There’s a great short story by Herman Melville about a notary with a rotten boss who suddenly decides he’s had enough. After years of drudgery, serving as a legal scribe without adequate compensation or respect, one day when Bartleby’s boss asks him to examine a paper, he hesitates.
“Bartleby,” writes Melville, “in a singularly mild, firm voice, replied, ‘I would prefer not to.’”
The boss is stunned. He asks again. Bartleby’s answer is identical. He shouts his orders. Bartleby responds, quietly, with the same five words.
After an entire career of responding to the whims of his bosses, the pressures of his office, and the needs of his clients, Bartleby decides to simply say no. It changes his life. It can change yours, too.
Like Bartleby, we can be polite about it. “No, thank you.” “Not today.” “I wish I could say yes to this, but my plate is full.” And, of course, the literary favorite. “I’d prefer not to.”
No is a full sentence, the saying goes. Yet it’s often difficult to say and even harder to stick to. We might feel guilt, stress, pressure. We may fear disappointing others, missing out, being late to the party, having nothing to do on a Friday night.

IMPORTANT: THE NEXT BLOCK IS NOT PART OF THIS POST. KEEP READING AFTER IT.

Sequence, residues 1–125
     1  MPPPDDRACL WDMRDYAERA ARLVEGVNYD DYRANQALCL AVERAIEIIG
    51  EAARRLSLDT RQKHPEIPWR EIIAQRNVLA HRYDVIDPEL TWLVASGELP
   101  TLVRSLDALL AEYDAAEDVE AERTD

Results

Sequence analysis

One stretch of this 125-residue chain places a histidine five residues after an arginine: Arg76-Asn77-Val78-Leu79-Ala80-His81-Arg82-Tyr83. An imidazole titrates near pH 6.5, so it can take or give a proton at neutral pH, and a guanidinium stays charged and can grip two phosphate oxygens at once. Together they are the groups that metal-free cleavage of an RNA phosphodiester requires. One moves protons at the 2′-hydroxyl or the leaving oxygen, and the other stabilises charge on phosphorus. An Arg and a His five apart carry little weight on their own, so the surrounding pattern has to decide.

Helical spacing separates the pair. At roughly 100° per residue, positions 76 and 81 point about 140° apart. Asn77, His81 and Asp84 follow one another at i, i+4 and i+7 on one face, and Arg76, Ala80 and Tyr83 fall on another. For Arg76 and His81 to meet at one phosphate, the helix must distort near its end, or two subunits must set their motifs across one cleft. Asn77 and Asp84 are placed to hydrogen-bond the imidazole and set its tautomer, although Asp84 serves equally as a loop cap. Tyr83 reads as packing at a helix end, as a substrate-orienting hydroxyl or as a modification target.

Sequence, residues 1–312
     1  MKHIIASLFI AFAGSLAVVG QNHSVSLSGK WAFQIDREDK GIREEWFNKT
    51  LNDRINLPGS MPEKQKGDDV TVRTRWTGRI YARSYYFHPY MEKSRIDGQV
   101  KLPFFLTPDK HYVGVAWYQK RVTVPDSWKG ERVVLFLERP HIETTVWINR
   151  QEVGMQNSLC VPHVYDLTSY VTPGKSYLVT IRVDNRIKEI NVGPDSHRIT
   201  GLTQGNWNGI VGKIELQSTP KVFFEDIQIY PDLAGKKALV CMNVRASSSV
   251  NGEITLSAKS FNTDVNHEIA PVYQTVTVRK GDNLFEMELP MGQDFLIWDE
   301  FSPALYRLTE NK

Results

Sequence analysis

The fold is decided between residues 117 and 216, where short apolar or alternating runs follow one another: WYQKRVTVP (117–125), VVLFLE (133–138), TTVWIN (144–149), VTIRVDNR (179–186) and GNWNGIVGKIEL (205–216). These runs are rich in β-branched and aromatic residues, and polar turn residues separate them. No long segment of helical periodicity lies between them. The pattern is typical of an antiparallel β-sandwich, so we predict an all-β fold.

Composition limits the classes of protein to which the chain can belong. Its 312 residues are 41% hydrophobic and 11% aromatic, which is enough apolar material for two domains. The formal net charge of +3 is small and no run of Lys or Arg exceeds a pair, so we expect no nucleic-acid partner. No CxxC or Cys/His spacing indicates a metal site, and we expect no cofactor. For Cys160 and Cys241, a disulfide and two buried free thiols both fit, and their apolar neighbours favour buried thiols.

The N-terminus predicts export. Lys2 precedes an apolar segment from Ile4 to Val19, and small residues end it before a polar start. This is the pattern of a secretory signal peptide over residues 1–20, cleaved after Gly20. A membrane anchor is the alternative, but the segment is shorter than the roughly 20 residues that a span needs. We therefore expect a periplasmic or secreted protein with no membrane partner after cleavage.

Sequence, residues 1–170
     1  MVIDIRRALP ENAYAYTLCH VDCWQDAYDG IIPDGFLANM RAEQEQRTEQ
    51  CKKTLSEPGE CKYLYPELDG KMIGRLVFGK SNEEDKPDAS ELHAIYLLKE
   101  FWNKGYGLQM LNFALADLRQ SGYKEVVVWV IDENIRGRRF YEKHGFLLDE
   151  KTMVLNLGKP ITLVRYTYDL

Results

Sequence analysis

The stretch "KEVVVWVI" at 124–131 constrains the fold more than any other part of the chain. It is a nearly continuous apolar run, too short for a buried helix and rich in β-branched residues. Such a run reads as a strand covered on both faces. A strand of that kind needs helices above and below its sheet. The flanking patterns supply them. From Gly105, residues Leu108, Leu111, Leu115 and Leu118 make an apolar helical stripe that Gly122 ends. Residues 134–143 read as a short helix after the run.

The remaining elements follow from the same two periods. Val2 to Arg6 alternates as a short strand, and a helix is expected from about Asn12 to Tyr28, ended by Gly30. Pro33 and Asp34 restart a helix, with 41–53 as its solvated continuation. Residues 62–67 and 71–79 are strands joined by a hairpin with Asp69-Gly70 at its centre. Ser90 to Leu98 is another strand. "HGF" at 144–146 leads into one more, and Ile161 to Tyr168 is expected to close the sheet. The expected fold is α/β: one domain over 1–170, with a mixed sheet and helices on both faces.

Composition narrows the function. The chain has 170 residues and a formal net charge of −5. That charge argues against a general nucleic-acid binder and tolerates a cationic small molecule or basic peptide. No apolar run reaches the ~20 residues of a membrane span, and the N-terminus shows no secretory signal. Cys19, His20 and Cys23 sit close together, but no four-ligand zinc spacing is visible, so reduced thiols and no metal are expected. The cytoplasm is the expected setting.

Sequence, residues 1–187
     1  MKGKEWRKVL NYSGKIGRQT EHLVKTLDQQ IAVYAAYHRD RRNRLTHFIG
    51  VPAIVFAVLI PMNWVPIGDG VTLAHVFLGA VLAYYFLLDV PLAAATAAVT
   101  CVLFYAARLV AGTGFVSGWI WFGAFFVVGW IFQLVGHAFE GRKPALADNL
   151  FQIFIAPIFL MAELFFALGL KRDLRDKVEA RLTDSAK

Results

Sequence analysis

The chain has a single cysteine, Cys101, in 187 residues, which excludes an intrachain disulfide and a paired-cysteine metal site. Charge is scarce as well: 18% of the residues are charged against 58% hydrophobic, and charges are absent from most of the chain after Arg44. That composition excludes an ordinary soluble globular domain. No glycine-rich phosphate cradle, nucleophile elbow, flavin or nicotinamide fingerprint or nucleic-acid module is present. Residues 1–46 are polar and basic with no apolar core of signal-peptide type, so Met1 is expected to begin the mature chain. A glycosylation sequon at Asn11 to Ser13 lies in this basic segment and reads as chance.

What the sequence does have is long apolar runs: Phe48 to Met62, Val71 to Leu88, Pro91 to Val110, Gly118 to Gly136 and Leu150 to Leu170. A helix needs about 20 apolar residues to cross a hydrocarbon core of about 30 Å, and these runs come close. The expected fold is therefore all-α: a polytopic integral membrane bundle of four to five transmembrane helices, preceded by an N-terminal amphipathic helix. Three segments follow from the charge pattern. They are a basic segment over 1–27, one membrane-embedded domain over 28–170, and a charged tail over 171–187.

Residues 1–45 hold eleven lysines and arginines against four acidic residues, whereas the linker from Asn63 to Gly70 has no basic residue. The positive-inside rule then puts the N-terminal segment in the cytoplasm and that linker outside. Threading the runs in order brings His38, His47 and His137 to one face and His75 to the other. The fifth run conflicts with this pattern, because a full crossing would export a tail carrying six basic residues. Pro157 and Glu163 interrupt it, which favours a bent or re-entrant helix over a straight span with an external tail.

Yet there is no yes without a no. My husband and I don’t get a date night unless we’re ruthless about our other commitments in a given month. My kids don’t get the time they need with individually me unless I’m thoughtful about which friends I invite over and when. We eat fast food unless we say no to its ease, convenience, and low cost in favor of food that is slower, harder, and infinitely richer.
Bartleby wasn’t the only one who knew the joy of saying no. My friend M is one of the beautiful people. You know the type—effortlessly chic, constantly up on the trends, simply stylish. Born with serious cheekbones. Born knowing how to contour her cheekbones.
I ran into M a few months ago, and she was looking even more gorgeous than ever, but something was different. I looked closer. Her hair was in a ponytail. She wore workout clothes and no makeup.
“You look really great,” I told her.
“Thanks!” she said.
“Is something different?” I asked. Maybe she was on a green smoothie kick like my neighbor. Nothing but kale and beet juice for seven days (and by day five arguing so loudly with her husband we had to turn on music to help our kids get to sleep at night).
“Well, I quit Facebook,” she said with a shrug. “I have no idea what’s going on anymore but do you know what? I’m way happier.”
Often we can’t hear God amidst the clutter, but when we let go, step down, and say no to the things he isn’t calling us to do, we find space to hear his voice anew.
What do you need to say no to so you can say yes to some soul space?
For part one of creating soul space by saying no, check out A Laser Yes.